INVOLVING MEN AND BOYS IN PROMOTING GENDER EQUALITY
The call for increased gender equality is not a lone call given out by a small group of feminists but a recognised global plea from International Institutions like the UN, to pursue a sustainable and fairer world.
The United Nations Population Fund, UNFPA, has invested many resources into their campaign for ‘Engaging Men and Boys’ in gender equality. They state that ‘Women cannot achieve gender equality and sexual and reproductive health without the cooperation and participation of men.’1
They believe that because men are situated at the top of the gender tree, the best way to tackle the structural issue of gender inequality is to engage the agents that live within it. For example, it is normally men who are the leaders, politically and socially or the heads of departments and the military; the ones who have more varied sexual relations; the ones that use contraceptives more as well as being husbands and fathers, giving them incredible power over women’s lives.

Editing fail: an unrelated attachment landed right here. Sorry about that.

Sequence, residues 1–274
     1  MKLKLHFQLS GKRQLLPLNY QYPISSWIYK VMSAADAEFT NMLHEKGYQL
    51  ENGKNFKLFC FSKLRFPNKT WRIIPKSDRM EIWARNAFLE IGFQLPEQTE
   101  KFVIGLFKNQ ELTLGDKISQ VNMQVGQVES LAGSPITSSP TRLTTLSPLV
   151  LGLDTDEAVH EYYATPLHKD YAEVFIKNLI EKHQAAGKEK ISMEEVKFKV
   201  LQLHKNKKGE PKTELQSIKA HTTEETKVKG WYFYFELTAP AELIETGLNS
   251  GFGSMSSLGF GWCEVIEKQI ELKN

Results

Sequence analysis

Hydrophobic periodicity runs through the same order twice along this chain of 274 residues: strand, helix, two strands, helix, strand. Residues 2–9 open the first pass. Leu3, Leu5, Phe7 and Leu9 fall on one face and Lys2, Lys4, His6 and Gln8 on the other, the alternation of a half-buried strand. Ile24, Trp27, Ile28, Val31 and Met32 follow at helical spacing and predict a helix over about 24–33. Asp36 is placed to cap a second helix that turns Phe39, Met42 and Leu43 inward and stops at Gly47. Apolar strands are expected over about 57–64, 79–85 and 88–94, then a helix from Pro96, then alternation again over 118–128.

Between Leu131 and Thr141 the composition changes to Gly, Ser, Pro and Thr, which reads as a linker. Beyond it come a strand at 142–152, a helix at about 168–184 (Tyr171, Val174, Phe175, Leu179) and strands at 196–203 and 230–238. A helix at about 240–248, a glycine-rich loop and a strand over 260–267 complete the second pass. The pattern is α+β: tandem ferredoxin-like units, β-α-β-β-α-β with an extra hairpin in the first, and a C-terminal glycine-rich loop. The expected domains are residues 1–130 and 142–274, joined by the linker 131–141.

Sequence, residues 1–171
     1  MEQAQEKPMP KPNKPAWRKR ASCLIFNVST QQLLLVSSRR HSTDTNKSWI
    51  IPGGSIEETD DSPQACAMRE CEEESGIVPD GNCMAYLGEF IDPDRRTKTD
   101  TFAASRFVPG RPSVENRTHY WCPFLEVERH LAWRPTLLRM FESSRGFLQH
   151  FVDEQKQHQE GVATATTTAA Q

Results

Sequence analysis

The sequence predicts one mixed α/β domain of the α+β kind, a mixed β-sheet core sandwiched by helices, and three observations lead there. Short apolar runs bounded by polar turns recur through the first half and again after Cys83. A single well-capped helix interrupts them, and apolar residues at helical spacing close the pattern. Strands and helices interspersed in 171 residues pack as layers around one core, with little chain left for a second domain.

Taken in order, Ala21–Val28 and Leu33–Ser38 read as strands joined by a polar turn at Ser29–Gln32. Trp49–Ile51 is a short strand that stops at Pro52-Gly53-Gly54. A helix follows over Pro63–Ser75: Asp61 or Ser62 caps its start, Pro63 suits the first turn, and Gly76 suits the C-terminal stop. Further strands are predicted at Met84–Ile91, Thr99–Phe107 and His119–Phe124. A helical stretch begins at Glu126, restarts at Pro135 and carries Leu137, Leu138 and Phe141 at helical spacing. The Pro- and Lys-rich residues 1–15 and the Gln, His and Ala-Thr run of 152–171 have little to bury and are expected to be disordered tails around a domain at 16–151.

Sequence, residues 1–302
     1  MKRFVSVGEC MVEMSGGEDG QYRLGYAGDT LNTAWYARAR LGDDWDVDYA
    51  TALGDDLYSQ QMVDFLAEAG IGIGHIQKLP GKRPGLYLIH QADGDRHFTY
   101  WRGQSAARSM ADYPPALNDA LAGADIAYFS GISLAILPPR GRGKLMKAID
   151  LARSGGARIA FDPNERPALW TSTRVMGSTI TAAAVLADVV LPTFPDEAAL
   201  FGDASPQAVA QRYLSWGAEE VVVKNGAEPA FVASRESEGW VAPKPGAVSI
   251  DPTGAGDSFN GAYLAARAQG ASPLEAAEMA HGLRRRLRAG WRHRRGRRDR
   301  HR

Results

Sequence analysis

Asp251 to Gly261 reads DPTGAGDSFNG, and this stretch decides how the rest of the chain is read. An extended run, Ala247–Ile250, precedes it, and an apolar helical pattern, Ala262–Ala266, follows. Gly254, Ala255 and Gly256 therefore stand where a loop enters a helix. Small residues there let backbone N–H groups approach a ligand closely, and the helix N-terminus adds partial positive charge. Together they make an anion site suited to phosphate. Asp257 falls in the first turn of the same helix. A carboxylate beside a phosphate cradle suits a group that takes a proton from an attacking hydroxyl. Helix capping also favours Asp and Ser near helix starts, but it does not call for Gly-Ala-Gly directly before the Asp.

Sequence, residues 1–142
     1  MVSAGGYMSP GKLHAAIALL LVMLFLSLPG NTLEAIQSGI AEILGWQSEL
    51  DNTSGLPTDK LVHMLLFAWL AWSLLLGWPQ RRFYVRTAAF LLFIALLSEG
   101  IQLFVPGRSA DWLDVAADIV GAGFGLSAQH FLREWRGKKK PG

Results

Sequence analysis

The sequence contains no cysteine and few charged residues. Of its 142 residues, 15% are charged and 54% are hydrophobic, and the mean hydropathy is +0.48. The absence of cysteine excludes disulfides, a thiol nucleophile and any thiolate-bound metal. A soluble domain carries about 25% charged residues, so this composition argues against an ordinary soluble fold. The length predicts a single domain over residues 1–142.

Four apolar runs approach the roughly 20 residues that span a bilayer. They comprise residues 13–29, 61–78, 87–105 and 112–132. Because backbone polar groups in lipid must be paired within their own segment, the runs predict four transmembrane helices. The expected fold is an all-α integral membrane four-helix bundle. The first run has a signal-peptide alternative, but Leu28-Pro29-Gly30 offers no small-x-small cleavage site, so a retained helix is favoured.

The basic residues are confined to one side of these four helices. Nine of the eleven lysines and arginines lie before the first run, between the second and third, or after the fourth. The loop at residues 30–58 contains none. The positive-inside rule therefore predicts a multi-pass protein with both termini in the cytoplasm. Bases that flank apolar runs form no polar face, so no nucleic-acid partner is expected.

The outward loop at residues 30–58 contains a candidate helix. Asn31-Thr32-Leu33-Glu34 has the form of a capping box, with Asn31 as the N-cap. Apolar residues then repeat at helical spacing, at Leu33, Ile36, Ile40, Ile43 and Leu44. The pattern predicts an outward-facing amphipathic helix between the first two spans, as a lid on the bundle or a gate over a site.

Men’s involvement is vital
Despite prevailing rhetoric about manhood, many men find the socially-constructed gender stereotypes an incredible burden to bear; hence men have much to gain from a gender equal society. To be ‘manly’ the stereotype emphasises the need to be ‘tough’ or be the ‘breadwinner’ resulting in many men internationally being forced into labour conditions that are harsh and sometimes involve injury, violence, imprisonment and sometimes even death especially within the military service, policing and fire fighting.
The wrong image of masculinity can lead men to engage in unsafe sex that jeopardizes their partners’ and their own well-being. ‘Men are victims of many forms of personal and institutional violence – primarily at the hands of other men – and have a great deal to gain from moving towards gender equality: it is an important step towards reducing violence.’2